Inverse relationship between "a body shape index" (ABSI) and fat-free mass in women and men: Insights into mechanisms of sarcopenic obesity.

Research paper by Gianni G Biolo, Filippo Giorgio FG Di Girolamo, Andrea A Breglia, Massimiliano M Chiuc, Valeria V Baglio, Pierandrea P Vinci, Gabriele G Toigo, Lucio L Lucchin, Mihaela M Jurdana, Zala J ZJ Pražnikar, Ana A Petelin, Sara S Mazzucco, Roberta R Situlin

Indexed on: 13 May '14Published on: 13 May '14Published in: Clinical Nutrition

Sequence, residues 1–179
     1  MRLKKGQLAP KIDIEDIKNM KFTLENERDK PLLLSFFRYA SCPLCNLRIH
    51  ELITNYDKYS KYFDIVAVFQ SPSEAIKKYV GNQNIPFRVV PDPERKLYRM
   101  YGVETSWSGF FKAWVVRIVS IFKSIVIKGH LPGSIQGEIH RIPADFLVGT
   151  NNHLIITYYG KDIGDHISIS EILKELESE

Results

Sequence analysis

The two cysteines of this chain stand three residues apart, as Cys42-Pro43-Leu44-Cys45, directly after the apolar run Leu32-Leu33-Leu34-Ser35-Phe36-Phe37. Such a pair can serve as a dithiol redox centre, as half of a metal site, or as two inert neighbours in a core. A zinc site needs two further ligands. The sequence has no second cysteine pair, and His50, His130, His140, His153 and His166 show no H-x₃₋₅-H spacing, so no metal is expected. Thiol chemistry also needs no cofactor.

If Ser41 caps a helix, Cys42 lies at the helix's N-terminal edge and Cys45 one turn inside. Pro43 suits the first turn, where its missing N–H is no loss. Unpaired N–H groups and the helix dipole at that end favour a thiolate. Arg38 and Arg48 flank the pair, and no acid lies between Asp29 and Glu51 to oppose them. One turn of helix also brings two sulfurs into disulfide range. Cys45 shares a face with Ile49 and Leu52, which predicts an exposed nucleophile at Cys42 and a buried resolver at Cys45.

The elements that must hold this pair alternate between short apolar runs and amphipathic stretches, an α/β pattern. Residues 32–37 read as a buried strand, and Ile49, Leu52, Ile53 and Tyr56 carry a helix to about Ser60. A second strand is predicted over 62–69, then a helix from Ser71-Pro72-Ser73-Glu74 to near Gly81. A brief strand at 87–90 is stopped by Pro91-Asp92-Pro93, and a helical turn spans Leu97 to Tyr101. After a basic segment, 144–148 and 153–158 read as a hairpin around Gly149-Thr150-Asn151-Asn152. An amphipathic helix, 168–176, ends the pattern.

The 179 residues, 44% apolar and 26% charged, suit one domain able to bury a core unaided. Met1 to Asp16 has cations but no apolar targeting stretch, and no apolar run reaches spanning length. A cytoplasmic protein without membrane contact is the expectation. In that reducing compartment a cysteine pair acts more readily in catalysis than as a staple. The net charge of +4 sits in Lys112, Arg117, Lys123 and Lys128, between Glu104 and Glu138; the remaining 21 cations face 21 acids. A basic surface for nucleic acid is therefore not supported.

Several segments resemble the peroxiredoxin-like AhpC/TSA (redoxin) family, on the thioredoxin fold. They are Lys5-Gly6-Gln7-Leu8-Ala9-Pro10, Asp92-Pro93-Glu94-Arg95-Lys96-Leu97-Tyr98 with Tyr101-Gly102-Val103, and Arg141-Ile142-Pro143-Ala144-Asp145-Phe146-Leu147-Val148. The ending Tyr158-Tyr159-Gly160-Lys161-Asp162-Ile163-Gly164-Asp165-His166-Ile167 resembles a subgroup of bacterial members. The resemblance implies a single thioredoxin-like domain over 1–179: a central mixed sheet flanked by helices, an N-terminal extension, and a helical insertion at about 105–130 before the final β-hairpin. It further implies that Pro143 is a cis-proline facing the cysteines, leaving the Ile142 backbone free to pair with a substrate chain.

Sarcopenic obesity may be defined by a high fat to fat-free mass (FM/FFM) ratio. Skeletal muscle may be negatively influenced by the pro-inflammatory milieu associated with visceral fat, while the loading effect induced by a heavier body mass index (BMI) may enhance muscle anabolism. Recently, a new anthropometric measure based on waist circumference (A Body Shape Index, ABSI) was developed. In this study we have assessed the predictive power of ABSI on the FFM index (FFMI), a surrogate marker of lean mass.Standard anthropometric parameters and ABSI as well as body composition data (fat and fat-free mass determined by bioelectrical impedance analysis) were assessed in 111 female and 89 male overweight/obese subjects, with no clinically significant co-morbidities. Groups with higher- or lower-ABSI were identified according to median values of this index.In women and men, ABSI did not correlate with BMI, while multiple linear regression indicated that BMI (β-coefficients: 0.62 and 0.77, respectively) and ABSI (β-coefficients: -0.26 and -0.22, respectively) independently predicted FFMI (multiple R: 0.72 and 0.83, respectively, P < 0.001). Men and women with lower-ABSI exhibited significantly greater FFMI than the higher-ABSI groups for comparable values of BMI. In men, ABSI was correlated positively with C-reactive protein (CRP) (R = 0.30; P < 0.05) and negatively with the reciprocal of insulin (R = 0.28; P < 0.05), an index of insulin sensitivity. FM/FFM ratio significantly (P < 0.01) correlated with CRP (R = 0.31) in women only.ABSI, a recently introduced marker of abdominal adiposity, may contribute to define the risk of sarcopenia in overweight/obese individuals.